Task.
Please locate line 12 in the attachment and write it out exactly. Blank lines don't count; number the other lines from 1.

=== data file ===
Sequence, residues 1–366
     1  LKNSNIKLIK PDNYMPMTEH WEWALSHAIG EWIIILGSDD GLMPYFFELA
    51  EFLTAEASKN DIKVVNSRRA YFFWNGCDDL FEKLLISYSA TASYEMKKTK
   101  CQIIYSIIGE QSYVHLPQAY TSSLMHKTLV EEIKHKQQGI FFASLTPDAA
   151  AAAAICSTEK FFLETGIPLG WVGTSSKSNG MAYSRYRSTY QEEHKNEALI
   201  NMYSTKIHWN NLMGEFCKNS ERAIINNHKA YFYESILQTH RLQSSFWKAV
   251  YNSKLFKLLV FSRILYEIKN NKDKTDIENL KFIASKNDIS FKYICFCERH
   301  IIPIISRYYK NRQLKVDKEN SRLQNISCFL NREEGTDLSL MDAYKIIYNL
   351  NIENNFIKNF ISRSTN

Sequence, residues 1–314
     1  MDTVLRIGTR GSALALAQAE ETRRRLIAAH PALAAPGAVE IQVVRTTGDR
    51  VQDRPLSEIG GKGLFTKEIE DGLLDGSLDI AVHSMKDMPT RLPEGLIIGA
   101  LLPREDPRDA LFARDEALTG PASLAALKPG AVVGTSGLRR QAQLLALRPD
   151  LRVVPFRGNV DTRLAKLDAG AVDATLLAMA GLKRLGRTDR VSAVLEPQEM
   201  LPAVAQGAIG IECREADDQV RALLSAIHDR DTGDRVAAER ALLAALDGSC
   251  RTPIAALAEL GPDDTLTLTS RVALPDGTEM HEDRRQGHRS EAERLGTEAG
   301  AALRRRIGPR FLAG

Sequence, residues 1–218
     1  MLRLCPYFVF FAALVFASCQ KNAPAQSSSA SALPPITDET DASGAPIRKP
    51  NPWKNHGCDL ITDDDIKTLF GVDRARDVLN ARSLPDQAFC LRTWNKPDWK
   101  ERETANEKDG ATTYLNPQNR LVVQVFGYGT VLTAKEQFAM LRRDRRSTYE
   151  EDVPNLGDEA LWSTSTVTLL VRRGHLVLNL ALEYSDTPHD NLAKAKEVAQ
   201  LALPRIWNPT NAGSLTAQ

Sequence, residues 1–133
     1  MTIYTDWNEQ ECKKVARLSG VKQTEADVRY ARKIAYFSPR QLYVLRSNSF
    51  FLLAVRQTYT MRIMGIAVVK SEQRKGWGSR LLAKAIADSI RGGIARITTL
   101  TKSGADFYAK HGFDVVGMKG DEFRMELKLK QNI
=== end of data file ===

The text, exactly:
    51  VQDRPLSEIG GKGLFTKEIE DGLLDGSLDI AVHSMKDMPT RLPEGLIIGA